Consumers are increasingly spending more time immersing in digital activities or logging their physical experiences on online cloud-based platforms. Consequently, the amount of data generated on how people are spending their time has been growing at an exponential rate. My co-founder, John Keck, and I created Marlo because we hypothesize that by leveraging that data, Machine Learning can help you manage your time.
Marlo’s mission is simple: we believe that time is your most valuable asset, and we want to ensure that it is well spent. For those of you more financially minded, we hope to maximize your ROI, return of happiness on your time investment. To test our hypothesis and build a minimum viable product (MVP), we’ve targeted a problem that faces every Harvard Business School student: event discovery. Our initial product version aggregates all events happening around HBS (from sources like MBA Digest, 12Twenty, and Club listservs, as well as Facebook and Eventbrite), curates events for users based on their specific profiles, and places them seamlessly on their calendar.
The use of Machine Learning in the calendar is not unprecedented. Companies like Clara and x.ai have built intelligent assistants that handle calendar coordination to replace the typical back-and-forth of finding a common time and meeting scheduling .
If we think about the calendaring process as a funnel, we can more easily differentiate between the current applications of ML in the space.
Many of the current applications of ML in the calendar focus on the downstream scheduling logistics, but the burden of up-funnel event sourcing still lies with the individual. Harvard Business Review recently speculated about a potential development to time management software:
“A calendar that learns patterns could give an executive assistant more time for the human specialties of his job, such as helping his boss to manage a team.” 
A realization of this application would certainly move the value proposition upstream, though only to known relevant events, i.e. events that the user would already be aware of. Marlo’s value proposition posits that the majority of relevant events to a user are not previously known to the individual.
In an alternative application, Google’s Calendar employs machine learning to help users accomplish their personal goals through intelligent reminders and dedicated time for achieving their aspirations . Although the user is still creating/sourcing the actual event, Google understands that repetition is hard to self-enforce and this specific algorithm operates in the “Intent to attend” region of the funnel.
For Marlo’s MVP, we are using word2vec, a group of natural language processing related models developed by Google, to curate events for users based on their profile. At a high level, word2vec creates mathematical vectors and vector spaces out of a body of text and individual words. By training the algorithm on corpus’ of text, word2vec develops multidimensional vectors with words that are similar to the “base word” allocated by distance . Marlo’s algorithm scrapes event descriptions and creates a vector for each event. Simultaneously by connecting to each users calendar, Marlo understands where they have been spending time in the past and creates a vector based on the events the user has attending. By then measuring vector distance between potential matches for events and the user, Marlo intelligently recommends events and adds them to the user calendar.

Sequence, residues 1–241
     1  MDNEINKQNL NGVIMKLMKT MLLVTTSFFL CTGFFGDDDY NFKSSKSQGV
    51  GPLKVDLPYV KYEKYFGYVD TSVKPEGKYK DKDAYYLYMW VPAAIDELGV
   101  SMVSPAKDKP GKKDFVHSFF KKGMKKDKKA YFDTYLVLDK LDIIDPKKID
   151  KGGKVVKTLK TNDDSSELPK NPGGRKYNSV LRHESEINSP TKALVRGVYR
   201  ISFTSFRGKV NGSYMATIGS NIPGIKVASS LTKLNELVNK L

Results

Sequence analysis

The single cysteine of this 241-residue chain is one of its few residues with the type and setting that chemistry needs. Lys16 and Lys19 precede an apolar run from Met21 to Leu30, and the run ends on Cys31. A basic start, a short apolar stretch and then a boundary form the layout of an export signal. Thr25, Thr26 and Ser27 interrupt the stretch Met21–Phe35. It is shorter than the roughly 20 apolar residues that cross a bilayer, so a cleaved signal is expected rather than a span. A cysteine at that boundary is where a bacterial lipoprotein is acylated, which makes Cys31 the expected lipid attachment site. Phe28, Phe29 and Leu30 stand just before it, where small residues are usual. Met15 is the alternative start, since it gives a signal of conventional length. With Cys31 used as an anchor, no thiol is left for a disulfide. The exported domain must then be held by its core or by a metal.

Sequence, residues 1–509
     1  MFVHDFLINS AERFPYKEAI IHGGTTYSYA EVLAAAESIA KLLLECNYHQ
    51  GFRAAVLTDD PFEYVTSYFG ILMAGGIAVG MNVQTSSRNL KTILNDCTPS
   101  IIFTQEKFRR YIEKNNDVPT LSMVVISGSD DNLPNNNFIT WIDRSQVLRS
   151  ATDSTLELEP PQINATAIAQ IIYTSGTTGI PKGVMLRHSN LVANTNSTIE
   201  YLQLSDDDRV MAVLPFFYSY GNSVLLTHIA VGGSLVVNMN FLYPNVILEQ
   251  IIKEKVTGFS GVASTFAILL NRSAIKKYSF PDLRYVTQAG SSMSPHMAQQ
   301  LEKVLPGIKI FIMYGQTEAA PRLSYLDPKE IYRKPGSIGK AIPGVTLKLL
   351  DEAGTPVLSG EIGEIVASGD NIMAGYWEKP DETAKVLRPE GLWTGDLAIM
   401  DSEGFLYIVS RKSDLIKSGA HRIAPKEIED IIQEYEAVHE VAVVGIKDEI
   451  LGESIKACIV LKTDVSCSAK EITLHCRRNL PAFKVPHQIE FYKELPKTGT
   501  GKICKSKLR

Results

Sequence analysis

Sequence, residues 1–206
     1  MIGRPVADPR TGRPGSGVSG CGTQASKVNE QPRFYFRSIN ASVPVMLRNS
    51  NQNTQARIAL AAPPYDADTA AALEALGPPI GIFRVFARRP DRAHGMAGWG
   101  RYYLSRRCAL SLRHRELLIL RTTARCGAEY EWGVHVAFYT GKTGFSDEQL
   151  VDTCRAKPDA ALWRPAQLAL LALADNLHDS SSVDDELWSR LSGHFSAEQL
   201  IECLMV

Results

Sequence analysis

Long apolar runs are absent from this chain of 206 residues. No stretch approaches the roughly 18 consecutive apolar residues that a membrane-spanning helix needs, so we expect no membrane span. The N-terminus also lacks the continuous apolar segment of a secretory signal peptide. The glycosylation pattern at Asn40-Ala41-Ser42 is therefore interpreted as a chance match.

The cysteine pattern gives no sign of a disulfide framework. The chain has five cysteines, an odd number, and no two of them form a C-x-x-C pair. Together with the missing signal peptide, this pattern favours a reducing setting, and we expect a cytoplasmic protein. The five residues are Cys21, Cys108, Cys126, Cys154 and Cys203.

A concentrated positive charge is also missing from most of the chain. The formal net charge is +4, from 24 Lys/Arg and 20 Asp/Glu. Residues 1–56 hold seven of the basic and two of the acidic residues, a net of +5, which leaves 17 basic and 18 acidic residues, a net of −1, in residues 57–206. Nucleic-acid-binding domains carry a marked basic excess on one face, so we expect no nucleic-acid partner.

Like all machine learning models, Marlo becomes more effective over time with more access to event data. By also tracking the accept/decline rate on its suggested events, we can more accurately define each users’ vector based on their interests. In an age where our time is increasingly being consumed by technology, we’re hoping to leverage that same technology to help us spend time with greater purpose and fulfillment. Apple is attacking this from a different angle. In their latest release of their iOS operating system, Screen Time was introduced to make users aware of their time spent on apps and encourage breaks .
As we’re receiving data and user feedback from our MVP, we’re also thinking about the long term business model and product vision. The software-based calendar application we all interact with today was invented decades ago. It looks a lot like excel, and more importantly takes significant effort to manage. Our vision of a modern “calendar” is one that is designed ground-up with UI/UX principles, mobile friendly, and intelligent. We plan to expand Marlo to the greater Boston area, and use our integration into users’ Calendar’s as a paid marketing platform for event organizers to promote and target their attendees within.
As we scale Marlo, one critical question we are asking ourselves is: how do we make this bigger than just HBS or students in general? What would be an effective way of providing a similar service, but for those who don’t use a calendar app to manage their time?
 Zilis, Shivon. “Machine Intelligence Will Let Us All Work Like CEOs.” Harvard Business Review, 24 Apr. 2017, hbr.org/2016/06/machine-intelligence-will-let-us-all-work-like-ceos.
Martinho-Truswell, Emma. “3 Questions About AI That Nontechnical Employees Should Be Able to Answer.” Harvard Business Review, 21 Sept. 2018, hbr.org/2018/08/3-questions-about-ai-that-nontechnical-employees-should-be-able-to-answer.
Shu, Catherine. “Google Calendar’s Newest Feature Uses Machine Learning to Help You Actually Accomplish Your Goals.” TechCrunch, TechCrunch, 13 Apr. 2016, techcrunch.com/2016/04/12/google-calendar-goals/.
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